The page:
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Las Vegas Case Study

Page history last edited by falterdg 10 years, 1 month ago

Southern Nevada Water Issues:

A Focus on Las Vegas

 

 

 

 

   The fundamental problem in Southern Nevada, especially the area served by Lake Mead, is that water demand continues to increase with no realistic far-sighted plans in place to address this demand. The region naturally receives very little rain, approximately 4.2 inches per year, and relies primarily on Lake Mead for almost all of its water. Las Vegas is also one of the fastest growing cities in the United States, thus driving water usage rates even higher; from 2000 to 2009 Las Vegas’ population grew by 36.5% (usnews.com.) At current use rates and population growth, Las Vegas will soon require more water than is allotted to the state of Nevada. This is a complex problem and its solutions must account for the needs of a wide range of competing stakeholders and a desert-like climate. This website seeks to define the nature of the problem, analyze the role of important stakeholders, and describe goals that must be  achieved if Lake Mead is to be a viable water supply to the region for the long term, describe the current efforts to solve these problems, and finally a review of long term solutions to ensure Las Vegas is able to operate at water-consumption levels at or below its allotment.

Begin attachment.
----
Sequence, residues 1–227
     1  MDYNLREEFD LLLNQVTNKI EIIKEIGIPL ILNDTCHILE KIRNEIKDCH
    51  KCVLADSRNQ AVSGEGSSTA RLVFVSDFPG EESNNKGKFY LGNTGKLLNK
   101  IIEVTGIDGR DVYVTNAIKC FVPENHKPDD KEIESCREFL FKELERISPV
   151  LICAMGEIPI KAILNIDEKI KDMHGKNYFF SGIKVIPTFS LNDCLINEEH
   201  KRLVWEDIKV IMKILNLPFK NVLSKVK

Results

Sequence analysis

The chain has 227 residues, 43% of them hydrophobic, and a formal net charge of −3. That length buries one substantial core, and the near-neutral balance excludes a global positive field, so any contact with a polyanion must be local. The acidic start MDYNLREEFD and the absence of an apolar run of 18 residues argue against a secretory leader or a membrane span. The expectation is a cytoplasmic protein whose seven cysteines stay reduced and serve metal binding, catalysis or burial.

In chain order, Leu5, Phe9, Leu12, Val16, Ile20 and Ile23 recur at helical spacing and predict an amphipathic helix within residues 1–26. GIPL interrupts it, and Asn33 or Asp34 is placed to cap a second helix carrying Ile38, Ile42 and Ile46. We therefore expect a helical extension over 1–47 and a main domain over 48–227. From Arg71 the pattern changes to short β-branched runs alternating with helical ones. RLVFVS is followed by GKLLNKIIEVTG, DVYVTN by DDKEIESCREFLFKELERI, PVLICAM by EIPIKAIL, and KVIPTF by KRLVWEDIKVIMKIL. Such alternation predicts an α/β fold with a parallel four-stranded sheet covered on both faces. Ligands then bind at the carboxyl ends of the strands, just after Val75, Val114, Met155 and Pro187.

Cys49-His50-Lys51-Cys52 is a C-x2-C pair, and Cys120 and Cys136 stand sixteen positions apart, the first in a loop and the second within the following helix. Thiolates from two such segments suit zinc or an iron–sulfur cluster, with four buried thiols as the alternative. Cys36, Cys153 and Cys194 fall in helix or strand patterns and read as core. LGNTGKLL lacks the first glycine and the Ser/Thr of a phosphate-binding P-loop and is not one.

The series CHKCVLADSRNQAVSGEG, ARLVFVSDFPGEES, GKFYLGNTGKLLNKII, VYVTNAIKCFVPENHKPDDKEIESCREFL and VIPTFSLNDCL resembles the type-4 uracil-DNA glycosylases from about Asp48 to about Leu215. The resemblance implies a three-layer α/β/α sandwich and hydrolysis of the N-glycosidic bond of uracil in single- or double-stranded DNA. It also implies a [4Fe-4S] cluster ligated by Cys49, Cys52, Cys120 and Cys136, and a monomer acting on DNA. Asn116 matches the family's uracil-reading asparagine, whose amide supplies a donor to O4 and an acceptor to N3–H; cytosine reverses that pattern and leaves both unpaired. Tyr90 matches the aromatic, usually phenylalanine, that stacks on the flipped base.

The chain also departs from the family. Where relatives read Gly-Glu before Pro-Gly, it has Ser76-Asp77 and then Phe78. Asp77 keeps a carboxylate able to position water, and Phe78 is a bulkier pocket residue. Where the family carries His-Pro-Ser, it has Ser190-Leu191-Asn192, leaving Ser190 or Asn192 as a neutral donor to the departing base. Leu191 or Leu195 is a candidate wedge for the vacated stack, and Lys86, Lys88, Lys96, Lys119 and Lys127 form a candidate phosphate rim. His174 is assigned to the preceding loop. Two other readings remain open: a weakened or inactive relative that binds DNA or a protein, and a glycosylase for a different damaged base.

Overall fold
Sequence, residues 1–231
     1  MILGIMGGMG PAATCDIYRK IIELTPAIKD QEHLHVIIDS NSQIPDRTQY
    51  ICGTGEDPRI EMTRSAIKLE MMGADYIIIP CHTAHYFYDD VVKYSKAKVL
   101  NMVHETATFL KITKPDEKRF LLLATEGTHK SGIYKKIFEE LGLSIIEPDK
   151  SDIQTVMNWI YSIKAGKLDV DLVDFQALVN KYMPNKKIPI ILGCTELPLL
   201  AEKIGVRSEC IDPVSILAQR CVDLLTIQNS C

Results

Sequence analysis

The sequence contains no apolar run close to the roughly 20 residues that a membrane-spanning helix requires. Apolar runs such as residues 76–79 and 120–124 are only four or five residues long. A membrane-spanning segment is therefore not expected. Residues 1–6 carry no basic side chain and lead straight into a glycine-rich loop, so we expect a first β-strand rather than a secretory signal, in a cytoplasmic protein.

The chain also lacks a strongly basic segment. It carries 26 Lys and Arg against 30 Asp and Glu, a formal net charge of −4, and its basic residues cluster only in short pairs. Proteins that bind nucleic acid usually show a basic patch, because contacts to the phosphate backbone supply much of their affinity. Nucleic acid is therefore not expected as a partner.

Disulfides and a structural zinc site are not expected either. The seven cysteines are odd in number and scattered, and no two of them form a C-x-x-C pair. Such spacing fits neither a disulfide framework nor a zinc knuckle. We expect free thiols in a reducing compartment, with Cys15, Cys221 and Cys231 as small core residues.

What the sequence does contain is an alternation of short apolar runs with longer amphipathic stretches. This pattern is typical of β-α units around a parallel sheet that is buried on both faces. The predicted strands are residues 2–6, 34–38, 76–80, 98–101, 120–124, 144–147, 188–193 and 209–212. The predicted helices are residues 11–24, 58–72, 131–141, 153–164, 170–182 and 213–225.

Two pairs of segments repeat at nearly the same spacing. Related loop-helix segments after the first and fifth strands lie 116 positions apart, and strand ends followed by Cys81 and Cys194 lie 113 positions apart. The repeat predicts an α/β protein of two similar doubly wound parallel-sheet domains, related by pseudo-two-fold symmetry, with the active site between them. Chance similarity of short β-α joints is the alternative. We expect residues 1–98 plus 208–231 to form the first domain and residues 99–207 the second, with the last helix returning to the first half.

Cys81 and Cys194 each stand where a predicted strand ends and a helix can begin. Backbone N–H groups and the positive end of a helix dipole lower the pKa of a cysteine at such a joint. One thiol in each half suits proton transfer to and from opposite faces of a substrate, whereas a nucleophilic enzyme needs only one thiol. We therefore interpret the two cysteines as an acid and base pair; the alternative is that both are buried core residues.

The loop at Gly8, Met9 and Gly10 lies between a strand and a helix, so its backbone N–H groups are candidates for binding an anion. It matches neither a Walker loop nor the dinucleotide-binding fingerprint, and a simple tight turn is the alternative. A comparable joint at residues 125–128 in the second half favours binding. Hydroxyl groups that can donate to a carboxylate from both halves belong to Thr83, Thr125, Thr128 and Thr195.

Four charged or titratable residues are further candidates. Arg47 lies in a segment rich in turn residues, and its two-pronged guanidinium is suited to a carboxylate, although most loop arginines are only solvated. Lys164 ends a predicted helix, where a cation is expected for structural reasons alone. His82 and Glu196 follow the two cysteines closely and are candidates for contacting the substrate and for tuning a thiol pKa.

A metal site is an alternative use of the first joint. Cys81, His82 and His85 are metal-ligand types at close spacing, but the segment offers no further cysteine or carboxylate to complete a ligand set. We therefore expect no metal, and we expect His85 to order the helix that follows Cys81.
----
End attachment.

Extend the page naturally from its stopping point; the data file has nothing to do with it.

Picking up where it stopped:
Problem Statement

Background 

Stakeholder Analysis

Goals

Overview of Solutions

Bibliography 

 

Adviser: Dr. Robert Brent 

 

Logan Kendle

kendlelj@dukes.jmu.edu

ISAT Senior Class of 2013

Environment

 

Conor Furey

fureycw@dukes.jmu.edu

ISAT Junior Class of 2013

Biotechnology 

 

Daniel Falterman

falterdg@dukes.jmu.edu

ISAT Junior Class of 2013

Tailored to Sustainable Agriculture.

 

Braden Tanner

tannerbk@dukes.jmu.edu

ISAT Junior Class of 2013 

Environment; Energy

 

 

 

 

 

 

 

 

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